The enthronement of the Sacred Heart of Jesus into the home has been an important Catholic tradition this past century. It is a work of restoring society to Jesus beginning with the family. It is often attested as a necessary practice in spiritual warfare as well for growth in holiness.
So how does a person actually ‘do’ it?
There but for the Grace of God go I. This is an old saying from my childhood that our American culture lost long ago. Perhaps it is time to bring these sayings back, as they situate us within our spiritual reality. Do we go through our day recognizing the Sacred among us?
If we each made a renewed effort to go through the day recognizing God who is already present to us, how might the world change?
I choose with my free will to go through my day looking at God looking at me, permitting Him to show me the Sacred around me. I much prefer His perspective. 😊
Our upcoming elections have caused the greatest turmoil in our country in decades. We have become a society for whom interpersonal relations center in taking part in riots (or cheering from the sidelines). No longer valuing our beauty and identity as human persons caused by the legalization of abortion, people have become disposable. Relationships are disposable. The void is filled with ideologies to numb the hidden pain. We have transitioned from an ideal of self-preservation to one of self-gratification.
Within that context we have the upcoming elections. These have caused great angst for many people, grasping for answers, seeking to control in an out-of-control world. Change will happen, but first it must happen within us.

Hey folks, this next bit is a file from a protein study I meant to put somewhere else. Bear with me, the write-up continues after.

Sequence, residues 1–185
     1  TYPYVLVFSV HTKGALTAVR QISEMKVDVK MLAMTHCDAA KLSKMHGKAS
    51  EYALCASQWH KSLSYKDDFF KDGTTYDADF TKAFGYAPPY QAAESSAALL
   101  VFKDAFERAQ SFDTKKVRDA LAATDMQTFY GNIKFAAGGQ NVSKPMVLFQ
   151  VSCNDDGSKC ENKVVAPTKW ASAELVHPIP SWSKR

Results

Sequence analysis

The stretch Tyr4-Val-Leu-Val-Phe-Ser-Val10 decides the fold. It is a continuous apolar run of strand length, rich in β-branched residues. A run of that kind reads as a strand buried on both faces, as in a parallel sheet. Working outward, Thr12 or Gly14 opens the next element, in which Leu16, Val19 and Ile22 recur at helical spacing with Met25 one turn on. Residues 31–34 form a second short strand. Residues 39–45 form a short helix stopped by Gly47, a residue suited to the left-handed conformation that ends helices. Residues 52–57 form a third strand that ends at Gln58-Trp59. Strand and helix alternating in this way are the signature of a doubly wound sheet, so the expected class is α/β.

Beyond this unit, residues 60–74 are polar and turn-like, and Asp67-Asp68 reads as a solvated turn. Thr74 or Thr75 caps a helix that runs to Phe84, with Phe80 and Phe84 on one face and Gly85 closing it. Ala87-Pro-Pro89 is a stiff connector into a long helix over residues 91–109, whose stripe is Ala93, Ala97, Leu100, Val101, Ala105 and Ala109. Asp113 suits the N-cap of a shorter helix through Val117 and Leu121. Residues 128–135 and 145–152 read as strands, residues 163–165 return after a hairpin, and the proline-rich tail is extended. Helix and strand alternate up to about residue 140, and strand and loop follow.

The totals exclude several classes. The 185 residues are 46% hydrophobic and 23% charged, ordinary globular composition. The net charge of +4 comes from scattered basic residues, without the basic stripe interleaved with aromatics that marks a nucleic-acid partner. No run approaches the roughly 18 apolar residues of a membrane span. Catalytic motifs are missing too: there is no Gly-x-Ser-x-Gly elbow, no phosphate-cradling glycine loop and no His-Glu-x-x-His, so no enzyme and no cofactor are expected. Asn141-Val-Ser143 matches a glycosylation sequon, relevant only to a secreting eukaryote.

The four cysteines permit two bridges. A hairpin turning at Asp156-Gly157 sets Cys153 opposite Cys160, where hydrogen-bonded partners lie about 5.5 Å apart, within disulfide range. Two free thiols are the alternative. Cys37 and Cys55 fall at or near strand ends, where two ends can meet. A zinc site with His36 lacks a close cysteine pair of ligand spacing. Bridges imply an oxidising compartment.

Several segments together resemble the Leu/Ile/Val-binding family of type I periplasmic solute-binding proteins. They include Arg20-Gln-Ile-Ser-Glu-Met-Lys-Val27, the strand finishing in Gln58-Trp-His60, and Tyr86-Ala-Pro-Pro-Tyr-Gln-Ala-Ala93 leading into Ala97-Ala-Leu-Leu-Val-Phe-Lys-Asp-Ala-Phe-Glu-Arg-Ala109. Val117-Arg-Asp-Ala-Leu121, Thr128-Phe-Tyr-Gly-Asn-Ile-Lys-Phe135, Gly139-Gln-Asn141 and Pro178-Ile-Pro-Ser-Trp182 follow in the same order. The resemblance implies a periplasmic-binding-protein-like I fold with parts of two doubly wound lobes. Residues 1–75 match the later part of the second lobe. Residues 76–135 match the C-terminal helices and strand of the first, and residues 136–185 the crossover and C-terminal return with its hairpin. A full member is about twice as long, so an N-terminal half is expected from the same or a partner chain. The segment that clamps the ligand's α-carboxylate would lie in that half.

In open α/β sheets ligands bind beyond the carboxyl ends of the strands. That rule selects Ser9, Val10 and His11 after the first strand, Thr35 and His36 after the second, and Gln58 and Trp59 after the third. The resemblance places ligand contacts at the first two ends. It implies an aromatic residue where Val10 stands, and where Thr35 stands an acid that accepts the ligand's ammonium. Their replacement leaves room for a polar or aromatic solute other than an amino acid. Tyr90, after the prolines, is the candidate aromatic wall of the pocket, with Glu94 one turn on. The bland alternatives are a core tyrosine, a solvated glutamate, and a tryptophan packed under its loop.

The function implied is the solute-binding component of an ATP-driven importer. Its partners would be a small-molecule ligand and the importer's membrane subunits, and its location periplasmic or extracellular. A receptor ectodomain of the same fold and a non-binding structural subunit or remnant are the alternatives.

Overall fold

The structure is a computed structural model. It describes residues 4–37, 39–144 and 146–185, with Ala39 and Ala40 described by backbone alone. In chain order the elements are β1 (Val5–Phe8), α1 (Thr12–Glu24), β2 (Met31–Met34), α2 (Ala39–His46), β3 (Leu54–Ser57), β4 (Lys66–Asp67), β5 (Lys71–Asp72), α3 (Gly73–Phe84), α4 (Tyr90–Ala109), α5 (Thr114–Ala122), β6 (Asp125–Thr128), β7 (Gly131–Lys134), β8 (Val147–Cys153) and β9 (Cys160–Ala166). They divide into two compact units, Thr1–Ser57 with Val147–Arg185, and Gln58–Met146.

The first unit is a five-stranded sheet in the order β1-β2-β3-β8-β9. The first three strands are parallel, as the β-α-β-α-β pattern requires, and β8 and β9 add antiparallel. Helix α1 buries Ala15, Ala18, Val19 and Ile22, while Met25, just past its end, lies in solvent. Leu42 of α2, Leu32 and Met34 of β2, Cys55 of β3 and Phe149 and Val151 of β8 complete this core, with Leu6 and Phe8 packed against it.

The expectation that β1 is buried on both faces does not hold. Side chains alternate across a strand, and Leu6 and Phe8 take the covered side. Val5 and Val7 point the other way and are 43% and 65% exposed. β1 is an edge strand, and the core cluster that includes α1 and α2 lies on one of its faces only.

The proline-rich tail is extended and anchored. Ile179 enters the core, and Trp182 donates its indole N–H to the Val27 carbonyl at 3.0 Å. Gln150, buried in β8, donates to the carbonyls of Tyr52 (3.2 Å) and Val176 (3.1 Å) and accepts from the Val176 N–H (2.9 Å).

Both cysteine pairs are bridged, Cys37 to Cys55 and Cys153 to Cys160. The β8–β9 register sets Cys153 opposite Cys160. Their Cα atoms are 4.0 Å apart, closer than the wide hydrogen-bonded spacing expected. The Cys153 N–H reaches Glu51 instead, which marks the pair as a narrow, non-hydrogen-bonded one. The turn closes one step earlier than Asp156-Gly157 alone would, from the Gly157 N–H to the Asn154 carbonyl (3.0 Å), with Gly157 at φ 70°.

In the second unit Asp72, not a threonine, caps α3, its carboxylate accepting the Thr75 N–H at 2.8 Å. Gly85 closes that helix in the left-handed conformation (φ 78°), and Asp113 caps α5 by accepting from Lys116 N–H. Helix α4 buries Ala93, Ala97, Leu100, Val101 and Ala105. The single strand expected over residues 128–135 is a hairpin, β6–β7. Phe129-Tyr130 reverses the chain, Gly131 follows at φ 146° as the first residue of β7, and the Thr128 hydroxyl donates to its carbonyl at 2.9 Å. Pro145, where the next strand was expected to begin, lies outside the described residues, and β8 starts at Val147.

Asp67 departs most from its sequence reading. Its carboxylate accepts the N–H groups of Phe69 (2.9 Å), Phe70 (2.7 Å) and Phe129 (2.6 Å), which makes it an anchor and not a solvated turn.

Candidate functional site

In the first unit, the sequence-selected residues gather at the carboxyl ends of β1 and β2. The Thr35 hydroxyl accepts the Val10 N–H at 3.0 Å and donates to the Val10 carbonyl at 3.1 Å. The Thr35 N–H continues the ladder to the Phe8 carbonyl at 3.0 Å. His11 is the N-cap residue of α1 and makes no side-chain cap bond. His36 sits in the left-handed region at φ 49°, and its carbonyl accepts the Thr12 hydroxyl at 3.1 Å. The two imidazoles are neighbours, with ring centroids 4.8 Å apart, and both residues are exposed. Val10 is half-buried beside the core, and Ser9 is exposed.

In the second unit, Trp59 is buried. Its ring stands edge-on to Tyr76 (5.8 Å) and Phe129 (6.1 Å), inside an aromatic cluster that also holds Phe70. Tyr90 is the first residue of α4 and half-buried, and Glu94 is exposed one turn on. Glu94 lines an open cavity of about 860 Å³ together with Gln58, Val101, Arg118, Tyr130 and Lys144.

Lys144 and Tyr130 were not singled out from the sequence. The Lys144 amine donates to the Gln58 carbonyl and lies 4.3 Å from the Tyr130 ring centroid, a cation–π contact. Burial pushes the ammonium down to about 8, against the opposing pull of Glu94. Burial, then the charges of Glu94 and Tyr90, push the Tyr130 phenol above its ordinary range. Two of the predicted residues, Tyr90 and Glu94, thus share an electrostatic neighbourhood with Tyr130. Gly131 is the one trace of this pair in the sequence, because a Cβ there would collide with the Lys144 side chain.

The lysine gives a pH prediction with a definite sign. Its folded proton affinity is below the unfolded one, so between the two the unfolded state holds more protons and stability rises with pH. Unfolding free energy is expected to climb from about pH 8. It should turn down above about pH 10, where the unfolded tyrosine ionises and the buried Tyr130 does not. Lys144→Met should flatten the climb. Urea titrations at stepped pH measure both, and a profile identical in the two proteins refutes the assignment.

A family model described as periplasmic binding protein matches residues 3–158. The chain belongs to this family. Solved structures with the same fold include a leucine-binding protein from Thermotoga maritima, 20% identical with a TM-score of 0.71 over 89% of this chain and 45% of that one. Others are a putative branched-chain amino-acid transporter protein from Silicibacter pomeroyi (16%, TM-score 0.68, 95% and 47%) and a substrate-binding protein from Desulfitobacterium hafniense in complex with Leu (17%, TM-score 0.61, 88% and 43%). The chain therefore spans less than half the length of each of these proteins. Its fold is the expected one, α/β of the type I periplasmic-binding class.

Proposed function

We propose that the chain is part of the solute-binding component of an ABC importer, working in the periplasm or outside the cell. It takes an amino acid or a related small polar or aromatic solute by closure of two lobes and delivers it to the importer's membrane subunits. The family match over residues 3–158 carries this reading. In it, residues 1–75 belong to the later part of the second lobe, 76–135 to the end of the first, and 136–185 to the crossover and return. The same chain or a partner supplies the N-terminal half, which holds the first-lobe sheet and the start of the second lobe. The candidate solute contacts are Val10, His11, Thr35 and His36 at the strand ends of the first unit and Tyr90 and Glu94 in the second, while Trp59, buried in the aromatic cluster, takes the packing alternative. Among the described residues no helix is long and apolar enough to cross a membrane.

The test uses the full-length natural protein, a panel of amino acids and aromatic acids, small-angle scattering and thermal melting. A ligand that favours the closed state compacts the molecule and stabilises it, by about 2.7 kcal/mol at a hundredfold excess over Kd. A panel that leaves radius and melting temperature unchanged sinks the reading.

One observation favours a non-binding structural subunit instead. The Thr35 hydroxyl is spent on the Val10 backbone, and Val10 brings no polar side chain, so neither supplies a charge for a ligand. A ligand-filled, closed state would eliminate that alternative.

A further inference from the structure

Satan and his fellow fallen angels were left to prowl the earth seeking souls to steal. Until placed specifically under Christ’s dominion, we remain under Satan’s and so baptism is keenly important. With age, however, comes increased responsibility to live out our baptismal covenant. Devotion to the Sacred Heart of Jesus is an ancient tradition in the Church that aids us in this. In these troubled times, personal consecration to Jesus becomes more urgent than ever.
Our time here on earth is our probation for entrance to Heaven, and that path to Heaven is hoed only by sincere mercy. It makes sense, then, that forgiveness is a process not an act. Yet how to take that first step can be confusing and even fearful. Each situation, each act, creates knots in our heart and our life. The process of forgiveness is one of untying those knots.